Why transferable skills are so relevant in the COVID-19 era
Transferable skills such as leadership, listening, prioritisation, research and analysis, time management, and delegation can help you make a valuable contribution to any team and workplace.
The world we’re living in is more flexible and fluid than it was before – and professionals are expected to be the same. Hence the slow and steady rise of transferable skills, otherwise known as “soft skills”.
With the rise in technology and new job roles that didn’t exist just a decade before, more and more employers are looking for talent that is proficient in teamwork, listening, and leadership just as much as they are in the technical aspect of their job.
What do we define as ‘transferable’ skills?
The tricky thing about transferable skills is that they’re not just something that can be read about and instantly learned –they take time and experience to master. They’re a core group of skills that can then be used in the workplace, hobbies, and even daily life.
Most often, the most common transferrable skills are leadership, listening, prioritisation, time management, delegation, and research and analysis.
Why are they important?
The importance lies in the very name “transferable”. Once learned, these skills then help make the person a valuable contribution to any team and workplace.
Employers look for people who can demonstrate the ability to empathise, connect with other people, forge meaningful, lasting professional relationships, and navigate workplace conflict and complications with diplomacy, understanding, and ease.
What makes them more relevant than ever during COVID-19?
We were already living in a world that was changing in the blink of an eye. With COVID-19, change has been happening even faster than anyone could have predicted.
Like a scenario straight from a movie script, entire countries have had to lock down and implement new rules overnight –forcing us to adjust and adapt to a way of living we couldn’t have imagined just a year ago.
We’ve all had to be flexible and adaptable. We’ve had to be good listeners to the newest updates, and also carefully research and analyse information on the virus. All of these skills are just as important in the workplace.
Going forward, things are going to be very different in our restaurants, hotels, stores and offices for the near future – and employees who can adapt fast, listen well, and think critically will be more important than ever before.
Tensions are naturally running high, and it’s okay to feel a little lost – so who would make a better leader right now? Someone who fails to connect with other people, or a compassionate person who can see the other person’s perspective and guide them into doing their best and lead a team to success?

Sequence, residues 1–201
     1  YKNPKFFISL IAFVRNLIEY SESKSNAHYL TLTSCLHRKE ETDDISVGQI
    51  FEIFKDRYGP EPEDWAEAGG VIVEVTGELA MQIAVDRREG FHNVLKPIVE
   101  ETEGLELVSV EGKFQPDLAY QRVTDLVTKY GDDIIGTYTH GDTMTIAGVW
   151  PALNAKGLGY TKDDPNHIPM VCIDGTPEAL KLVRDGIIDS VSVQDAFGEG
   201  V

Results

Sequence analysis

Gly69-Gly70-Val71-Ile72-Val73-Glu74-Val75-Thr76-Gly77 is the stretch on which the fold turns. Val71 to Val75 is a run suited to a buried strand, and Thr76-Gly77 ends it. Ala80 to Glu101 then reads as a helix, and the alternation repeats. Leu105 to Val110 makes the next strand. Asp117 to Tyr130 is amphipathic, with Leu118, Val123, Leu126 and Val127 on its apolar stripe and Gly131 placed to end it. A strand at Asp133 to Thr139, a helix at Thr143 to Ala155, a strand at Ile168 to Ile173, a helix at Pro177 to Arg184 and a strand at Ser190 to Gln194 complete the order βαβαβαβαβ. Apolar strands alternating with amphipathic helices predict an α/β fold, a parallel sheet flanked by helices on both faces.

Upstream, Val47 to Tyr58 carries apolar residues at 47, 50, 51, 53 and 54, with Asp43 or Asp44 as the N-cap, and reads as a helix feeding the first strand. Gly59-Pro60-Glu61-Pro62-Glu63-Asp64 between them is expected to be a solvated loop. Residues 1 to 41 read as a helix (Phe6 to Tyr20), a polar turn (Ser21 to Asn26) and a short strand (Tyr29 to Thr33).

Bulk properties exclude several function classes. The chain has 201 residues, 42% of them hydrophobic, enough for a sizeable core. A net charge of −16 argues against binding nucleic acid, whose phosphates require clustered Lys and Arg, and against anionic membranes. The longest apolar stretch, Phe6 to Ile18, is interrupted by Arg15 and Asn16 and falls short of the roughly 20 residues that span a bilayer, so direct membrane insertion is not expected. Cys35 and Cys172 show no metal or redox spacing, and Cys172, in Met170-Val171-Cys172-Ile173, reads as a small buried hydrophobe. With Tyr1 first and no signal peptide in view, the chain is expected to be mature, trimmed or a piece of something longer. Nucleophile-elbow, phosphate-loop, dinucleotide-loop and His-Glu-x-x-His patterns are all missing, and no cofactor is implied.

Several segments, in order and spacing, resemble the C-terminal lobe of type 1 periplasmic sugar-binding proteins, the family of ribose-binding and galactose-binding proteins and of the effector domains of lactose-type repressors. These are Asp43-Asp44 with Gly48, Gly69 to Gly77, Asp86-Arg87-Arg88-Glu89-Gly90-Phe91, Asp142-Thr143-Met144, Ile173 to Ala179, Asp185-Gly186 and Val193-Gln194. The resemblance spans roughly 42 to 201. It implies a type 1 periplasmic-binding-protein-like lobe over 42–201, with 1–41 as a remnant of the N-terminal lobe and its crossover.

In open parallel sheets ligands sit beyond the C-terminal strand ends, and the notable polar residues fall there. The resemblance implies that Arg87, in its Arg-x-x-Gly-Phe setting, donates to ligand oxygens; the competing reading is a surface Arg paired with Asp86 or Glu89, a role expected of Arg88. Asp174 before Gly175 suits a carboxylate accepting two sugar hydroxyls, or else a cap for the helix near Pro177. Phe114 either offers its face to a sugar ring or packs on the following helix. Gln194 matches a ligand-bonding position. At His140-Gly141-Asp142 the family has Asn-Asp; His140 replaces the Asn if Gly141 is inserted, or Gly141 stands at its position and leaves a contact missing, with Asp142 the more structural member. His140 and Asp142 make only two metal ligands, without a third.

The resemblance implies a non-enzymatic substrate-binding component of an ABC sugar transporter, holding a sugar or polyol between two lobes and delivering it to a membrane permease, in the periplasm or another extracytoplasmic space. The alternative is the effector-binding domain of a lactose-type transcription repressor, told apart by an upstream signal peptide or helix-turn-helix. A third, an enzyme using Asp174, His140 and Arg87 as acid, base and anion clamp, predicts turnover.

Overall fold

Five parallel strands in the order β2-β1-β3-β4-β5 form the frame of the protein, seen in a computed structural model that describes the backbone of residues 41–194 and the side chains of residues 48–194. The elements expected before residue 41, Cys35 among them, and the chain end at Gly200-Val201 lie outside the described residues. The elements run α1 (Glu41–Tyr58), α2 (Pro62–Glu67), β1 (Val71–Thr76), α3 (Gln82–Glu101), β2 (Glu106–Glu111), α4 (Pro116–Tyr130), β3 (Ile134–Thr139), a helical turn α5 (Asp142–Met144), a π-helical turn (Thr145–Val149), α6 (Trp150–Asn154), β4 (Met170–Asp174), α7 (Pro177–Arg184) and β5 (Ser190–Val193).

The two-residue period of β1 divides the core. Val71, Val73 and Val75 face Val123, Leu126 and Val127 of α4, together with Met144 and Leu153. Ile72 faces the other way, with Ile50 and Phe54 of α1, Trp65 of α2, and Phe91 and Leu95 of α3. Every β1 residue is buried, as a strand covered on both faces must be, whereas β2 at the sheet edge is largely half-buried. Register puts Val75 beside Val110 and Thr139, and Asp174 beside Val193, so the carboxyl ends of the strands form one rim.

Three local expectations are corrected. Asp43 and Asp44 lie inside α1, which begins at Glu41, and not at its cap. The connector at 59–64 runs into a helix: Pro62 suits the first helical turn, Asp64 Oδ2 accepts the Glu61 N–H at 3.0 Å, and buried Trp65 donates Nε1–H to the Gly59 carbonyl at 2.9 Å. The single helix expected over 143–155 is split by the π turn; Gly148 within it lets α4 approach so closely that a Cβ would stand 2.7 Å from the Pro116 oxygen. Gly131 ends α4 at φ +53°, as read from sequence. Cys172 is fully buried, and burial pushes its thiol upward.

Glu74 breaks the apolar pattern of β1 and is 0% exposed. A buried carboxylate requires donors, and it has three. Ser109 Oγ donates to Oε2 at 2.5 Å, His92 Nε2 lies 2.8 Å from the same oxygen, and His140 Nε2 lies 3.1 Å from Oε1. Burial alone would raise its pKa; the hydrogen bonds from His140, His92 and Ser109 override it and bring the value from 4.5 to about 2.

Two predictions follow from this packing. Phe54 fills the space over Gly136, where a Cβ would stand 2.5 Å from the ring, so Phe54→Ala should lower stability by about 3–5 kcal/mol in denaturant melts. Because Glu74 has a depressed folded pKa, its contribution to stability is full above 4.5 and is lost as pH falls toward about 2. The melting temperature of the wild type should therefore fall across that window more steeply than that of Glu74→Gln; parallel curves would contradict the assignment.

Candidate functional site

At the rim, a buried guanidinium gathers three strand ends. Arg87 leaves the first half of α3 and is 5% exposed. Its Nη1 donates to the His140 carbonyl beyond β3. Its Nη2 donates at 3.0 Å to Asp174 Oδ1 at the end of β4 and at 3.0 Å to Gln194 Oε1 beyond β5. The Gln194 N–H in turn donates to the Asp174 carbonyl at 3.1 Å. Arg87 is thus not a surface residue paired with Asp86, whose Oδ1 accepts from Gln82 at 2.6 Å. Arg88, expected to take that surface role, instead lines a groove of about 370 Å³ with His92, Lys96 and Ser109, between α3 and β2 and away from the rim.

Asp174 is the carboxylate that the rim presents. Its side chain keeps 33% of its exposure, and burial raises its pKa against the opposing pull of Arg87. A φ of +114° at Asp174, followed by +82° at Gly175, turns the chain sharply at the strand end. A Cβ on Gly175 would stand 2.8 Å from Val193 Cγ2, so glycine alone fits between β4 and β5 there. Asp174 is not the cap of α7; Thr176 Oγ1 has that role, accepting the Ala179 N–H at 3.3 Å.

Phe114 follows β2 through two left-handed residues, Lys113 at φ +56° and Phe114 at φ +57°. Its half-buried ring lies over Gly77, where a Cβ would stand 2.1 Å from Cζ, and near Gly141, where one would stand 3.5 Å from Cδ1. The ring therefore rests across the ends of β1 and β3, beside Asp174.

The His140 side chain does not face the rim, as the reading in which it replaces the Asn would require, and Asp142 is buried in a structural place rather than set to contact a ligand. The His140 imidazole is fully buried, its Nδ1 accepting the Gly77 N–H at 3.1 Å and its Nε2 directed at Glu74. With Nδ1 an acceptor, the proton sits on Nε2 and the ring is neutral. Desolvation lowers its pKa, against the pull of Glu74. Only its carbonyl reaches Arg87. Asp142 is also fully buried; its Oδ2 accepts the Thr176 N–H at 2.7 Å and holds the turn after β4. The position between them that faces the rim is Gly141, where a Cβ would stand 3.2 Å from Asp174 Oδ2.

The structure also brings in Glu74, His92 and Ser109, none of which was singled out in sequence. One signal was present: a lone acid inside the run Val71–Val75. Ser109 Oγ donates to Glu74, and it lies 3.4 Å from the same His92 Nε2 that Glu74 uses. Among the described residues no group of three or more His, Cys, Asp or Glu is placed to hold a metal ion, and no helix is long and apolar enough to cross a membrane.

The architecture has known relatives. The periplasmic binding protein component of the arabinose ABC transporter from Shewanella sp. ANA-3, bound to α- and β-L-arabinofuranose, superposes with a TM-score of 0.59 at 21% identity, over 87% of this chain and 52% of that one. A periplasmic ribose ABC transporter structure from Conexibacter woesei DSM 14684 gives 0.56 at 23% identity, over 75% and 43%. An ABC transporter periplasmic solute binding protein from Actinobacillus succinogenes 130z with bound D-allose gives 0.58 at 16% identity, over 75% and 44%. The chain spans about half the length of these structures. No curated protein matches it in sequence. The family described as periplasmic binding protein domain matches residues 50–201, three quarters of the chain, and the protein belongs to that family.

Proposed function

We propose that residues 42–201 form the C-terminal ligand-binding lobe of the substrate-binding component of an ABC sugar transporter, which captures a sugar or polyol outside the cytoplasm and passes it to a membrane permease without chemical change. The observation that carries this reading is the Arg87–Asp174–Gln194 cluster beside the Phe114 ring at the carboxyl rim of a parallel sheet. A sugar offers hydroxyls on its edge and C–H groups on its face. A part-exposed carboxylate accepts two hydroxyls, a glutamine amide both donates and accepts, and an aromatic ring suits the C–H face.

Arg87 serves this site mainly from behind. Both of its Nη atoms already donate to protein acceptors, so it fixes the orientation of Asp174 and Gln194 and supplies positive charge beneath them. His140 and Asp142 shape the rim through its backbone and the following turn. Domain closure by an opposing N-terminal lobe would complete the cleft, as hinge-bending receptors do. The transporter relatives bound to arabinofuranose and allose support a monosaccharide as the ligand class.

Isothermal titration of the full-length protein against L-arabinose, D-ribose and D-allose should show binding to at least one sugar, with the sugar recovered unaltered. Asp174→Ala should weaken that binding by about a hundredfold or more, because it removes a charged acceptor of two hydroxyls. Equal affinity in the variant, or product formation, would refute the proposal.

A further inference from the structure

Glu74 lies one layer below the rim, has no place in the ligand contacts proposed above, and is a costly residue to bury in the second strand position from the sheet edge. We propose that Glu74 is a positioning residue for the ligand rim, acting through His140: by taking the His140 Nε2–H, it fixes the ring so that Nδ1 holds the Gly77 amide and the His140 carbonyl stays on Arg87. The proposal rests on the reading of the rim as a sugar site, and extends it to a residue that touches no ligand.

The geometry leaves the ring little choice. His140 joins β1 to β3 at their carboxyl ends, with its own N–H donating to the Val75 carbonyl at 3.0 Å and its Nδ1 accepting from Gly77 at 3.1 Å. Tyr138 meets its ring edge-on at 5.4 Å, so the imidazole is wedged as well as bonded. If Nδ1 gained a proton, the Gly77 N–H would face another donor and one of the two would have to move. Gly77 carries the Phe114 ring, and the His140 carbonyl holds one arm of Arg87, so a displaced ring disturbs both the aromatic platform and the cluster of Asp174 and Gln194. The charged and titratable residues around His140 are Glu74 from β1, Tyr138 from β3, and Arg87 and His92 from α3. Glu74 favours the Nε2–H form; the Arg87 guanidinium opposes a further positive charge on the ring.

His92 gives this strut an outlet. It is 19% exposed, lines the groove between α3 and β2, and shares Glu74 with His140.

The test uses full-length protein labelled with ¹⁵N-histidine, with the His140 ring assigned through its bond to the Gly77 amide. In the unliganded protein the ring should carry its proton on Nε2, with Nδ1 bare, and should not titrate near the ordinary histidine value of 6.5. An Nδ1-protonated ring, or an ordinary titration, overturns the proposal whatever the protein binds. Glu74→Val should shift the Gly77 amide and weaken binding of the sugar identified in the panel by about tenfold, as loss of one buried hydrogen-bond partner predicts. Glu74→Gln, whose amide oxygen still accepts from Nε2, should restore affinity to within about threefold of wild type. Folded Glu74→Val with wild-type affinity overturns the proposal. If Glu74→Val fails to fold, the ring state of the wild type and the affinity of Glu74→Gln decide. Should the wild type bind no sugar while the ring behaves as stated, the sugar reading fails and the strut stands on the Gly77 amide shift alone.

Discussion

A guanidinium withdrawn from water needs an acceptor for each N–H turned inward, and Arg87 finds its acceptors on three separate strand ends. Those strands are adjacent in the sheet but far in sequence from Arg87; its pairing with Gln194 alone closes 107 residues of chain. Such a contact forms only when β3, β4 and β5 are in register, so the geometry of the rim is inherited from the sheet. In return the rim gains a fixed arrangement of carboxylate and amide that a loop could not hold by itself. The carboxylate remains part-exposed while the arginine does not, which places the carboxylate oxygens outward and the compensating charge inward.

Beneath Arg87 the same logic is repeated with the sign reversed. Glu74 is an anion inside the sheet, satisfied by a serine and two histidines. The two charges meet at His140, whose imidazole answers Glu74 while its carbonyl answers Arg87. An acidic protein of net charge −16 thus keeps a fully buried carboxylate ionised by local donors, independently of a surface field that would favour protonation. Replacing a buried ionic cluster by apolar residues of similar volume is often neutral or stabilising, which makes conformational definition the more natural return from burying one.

Transferable skills – people skills – are more important than ever in a time where humanity has to come together and work as a single unit to overcome a problem as big as this. We all have to demonstrate more compassion, more understanding and more flexibility to change than ever before if we want to succeed as a country, a society, a community, a company and as individual people.
How can you work on developing your transferable skills?
You don’t always have to attend special workshops or webinars to upskill yourself (although there’s no harm in taking advantage on the huge offering of free webinars available right now).
Building transferable skills takes time, but the process doesn’t need professional tools to begin with. All it takes is a conscious effort to understand the people around us more, and be more aware of what’s happening in the world.
Next time you’re having a debate, take the time to understand the other persons position. Make an effort to really listen to your friends or parents when they are sharing a problem or story with you.
Accept more opportunities or chances to help others in your daily life, or squeeze in one more thing into your daily schedule – and wonder why you didn’t do so earlier.
You’ll realise you empathise with people in your life more. You take more initiative. You don’t take everything at face value, and you get to the bottom of an issue before forming an opinion. You keep your temper in check and you hear both sides of the story before speaking.
All round, you’ll find more balance in your life, and will feel more confident and in control of what life throws at you. Building these skills is a gradual process, but the first step towards doing so can be done as soon as you’ve finished reading this article.
Edited by Teja Lele
(Disclaimer: The views and opinions expressed in this article are those of the author and do not necessarily reflect the views of YourStory.)